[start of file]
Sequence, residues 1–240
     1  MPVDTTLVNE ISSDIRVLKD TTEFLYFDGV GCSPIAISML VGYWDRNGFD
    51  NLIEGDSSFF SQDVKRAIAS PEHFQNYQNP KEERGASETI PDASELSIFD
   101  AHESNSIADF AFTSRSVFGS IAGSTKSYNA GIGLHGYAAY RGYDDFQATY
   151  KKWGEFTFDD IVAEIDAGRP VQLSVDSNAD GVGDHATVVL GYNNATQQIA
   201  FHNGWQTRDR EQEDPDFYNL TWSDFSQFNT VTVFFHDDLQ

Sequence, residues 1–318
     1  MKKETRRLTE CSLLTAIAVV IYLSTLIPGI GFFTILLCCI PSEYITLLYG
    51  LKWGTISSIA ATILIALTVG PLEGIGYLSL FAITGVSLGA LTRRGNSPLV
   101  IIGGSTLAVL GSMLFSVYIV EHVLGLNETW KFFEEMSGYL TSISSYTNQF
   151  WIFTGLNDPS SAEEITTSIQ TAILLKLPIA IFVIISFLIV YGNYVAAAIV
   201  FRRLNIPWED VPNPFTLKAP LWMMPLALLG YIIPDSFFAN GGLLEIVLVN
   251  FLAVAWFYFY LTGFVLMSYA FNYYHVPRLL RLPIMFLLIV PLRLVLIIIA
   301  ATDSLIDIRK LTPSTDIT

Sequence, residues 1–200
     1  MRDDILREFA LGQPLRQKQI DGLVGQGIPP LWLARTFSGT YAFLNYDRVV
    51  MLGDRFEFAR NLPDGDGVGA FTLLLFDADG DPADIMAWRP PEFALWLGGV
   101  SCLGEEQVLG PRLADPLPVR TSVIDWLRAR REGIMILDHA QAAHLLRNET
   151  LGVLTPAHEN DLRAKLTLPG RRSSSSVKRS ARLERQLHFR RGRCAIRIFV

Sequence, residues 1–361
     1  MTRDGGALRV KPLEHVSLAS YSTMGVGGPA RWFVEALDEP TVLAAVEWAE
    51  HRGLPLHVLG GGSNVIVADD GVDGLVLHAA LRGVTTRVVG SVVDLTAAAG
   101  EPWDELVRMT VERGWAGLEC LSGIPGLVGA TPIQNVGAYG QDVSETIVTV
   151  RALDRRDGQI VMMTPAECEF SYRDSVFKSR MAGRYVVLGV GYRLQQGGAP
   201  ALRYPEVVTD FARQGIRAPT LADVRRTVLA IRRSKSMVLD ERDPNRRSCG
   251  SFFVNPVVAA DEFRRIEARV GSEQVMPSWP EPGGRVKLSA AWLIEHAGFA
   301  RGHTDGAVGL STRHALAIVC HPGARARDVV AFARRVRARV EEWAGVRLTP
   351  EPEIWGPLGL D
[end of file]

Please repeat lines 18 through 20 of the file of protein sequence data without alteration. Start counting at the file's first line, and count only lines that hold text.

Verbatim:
   101  SCLGEEQVLG PRLADPLPVR TSVIDWLRAR REGIMILDHA QAAHLLRNET
   151  LGVLTPAHEN DLRAKLTLPG RRSSSSVKRS ARLERQLHFR RGRCAIRIFV

Sequence, residues 1–361